Elections 2014: Cooperation in a divided government?

Posted on November 10, 2014

Elections 2014: Cooperation in a divided government?


The 2014 midterm elections are in the books, and the results were astounding. Most notably, Republicans took control of the U.S. Senate and tightened their grip on the U.S. House of Representatives. Beginning in 2015, for the first time in the Obama era, Republicans are in firm control of both chambers of the U.S. Congress.

While the Republican victory was sweeping, it is neither veto-proof nor filibuster-proof. Since the beginning of American history, Congress has overridden fewer than 10 percent of all presidential vetoes regardless of the party that controlled Congress. In order to override a vetoed bill, both Congressional chambers need a two-thirds majority vote. 

Even as profound as the midterm elections were in favor of Republicans, they still are not close to holding a two-thirds majority. This means the White House and Congress will need to compromise to accomplish any noteworthy reforms. 

In the U.S. Senate, Republicans currently hold a slight majority with 52 seats confirmed. However, several December runoffs are on the horizon to determine the outcome of Senate races in Alaska, Virginia and Louisiana. Even if Republicans sweep those runoffs – which they might – they’ll still lack the 60 seats needed to prevent a Democratic filibuster and not nearly enough to override a presidential veto.

Disclaimer: there is a history of cooperation in a divided government.

This divided government Obama faces for his last two years in office is very similar to the divided government the Reagan, Clinton and Bush administrations faced during their respective terms in the White House. To this day, many experts argue the legislation passed during those years of divided government were – get this – productive. 

For example, during the Clinton administration in 1994, Republicans famously seized control of both Congressional chambers. At that time, the Clinton administration worked with well-known Republicans, and Contract with America masterminds Newt Gingrich and Trent Lott, to produce the first federal budget surpluses since 1969. Moreover, they were able to accomplish this for the fiscal years 1998, 1999, 2000 and 2001 – a feat that sounds like a fairytale in today’s gridlocked Congress.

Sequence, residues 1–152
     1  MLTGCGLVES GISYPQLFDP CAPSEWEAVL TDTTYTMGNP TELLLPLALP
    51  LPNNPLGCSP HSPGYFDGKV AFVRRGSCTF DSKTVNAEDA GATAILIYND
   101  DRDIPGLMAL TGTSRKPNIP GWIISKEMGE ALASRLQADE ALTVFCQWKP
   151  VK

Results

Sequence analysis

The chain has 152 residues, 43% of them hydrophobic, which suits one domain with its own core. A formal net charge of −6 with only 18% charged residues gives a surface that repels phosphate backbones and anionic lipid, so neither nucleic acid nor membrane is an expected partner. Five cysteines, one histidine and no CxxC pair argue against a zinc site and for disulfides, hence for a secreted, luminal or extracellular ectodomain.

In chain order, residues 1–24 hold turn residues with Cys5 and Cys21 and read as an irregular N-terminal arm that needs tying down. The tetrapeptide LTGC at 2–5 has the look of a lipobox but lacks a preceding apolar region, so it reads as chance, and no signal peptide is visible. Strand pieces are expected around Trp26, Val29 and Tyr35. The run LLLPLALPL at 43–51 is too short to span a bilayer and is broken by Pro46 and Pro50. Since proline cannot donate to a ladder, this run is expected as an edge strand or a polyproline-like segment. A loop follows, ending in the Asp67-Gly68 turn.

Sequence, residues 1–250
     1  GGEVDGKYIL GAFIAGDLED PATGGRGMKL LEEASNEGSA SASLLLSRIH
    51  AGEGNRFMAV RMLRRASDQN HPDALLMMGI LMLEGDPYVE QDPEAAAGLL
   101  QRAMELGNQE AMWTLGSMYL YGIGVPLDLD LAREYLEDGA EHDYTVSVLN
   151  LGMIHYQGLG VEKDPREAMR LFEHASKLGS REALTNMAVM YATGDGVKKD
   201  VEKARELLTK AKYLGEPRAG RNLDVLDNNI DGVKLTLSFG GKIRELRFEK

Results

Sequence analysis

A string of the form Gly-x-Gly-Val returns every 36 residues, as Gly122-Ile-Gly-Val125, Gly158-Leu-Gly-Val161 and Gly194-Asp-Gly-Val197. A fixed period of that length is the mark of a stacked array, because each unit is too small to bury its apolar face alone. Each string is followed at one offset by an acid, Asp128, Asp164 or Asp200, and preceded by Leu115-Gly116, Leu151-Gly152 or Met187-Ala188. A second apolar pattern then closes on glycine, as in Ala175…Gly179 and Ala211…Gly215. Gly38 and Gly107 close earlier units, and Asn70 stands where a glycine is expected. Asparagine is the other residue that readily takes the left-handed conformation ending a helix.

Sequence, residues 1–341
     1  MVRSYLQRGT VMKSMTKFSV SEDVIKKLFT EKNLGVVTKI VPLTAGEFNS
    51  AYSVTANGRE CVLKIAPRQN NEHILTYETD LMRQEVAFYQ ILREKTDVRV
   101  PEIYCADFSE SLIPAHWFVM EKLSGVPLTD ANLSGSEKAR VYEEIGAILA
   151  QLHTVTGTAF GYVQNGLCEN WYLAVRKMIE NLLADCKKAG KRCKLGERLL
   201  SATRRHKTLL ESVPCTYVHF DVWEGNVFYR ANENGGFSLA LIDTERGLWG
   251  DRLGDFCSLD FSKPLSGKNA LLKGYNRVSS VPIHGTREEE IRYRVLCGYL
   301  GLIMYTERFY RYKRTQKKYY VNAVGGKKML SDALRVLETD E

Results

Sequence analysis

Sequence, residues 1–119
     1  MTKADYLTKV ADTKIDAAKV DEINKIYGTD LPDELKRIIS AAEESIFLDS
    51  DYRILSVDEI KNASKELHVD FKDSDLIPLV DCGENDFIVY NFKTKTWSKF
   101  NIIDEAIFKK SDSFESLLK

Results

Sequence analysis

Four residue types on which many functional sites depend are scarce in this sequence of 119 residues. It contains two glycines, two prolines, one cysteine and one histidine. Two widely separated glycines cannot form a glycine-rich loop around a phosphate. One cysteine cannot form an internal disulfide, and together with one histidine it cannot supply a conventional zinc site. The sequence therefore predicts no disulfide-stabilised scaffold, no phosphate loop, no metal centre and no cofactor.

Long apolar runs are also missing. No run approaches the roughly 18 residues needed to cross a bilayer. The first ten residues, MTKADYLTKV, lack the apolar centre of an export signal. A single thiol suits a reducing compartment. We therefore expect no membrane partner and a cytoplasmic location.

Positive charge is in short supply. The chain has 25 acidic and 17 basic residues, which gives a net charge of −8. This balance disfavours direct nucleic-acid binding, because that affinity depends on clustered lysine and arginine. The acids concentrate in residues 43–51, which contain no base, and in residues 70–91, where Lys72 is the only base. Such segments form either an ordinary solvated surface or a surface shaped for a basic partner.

So, where is the middle ground? 

With a Republican-controlled Congress, and a Democrat in the White House, many pundits are predicting an increase in the gridlock that has plagued our country. 

We will likely see the Democratic-controlled White House address immigration reform in an effort to shore up the Hispanic vote for 2016. The tactic to watch for is whether Obama allows the Republican-led Congress to debate immigration reform, or whether it comes from a unilateral, executive order that grants amnesty to the nearly 12 million illegal immigrants. The latter of the two tactics will not sit well with Republicans, or Democrats for that matter. 

In terms of the Republicans, we can expect a focused effort to gut the Affordable Care Act. Obama will most definitely veto any such efforts.  

I, for one, hope that our newly elected Congress and the White House will work together to develop a comprehensive, bipartisan strategy to reduce our nation’s nearly $17 trillion deficit. A bipartisan deficit reduction strategy should be an initiative that both sides can at least partially support.

Whether the 2015 and 2016 divided government edition will be more of the same gridlock, or a heralded new era of compromise and problem solving, the results will certainly spill over into the 2016 elections. And if history teaches us anything about a divided government, it is that it is a mixed bag.


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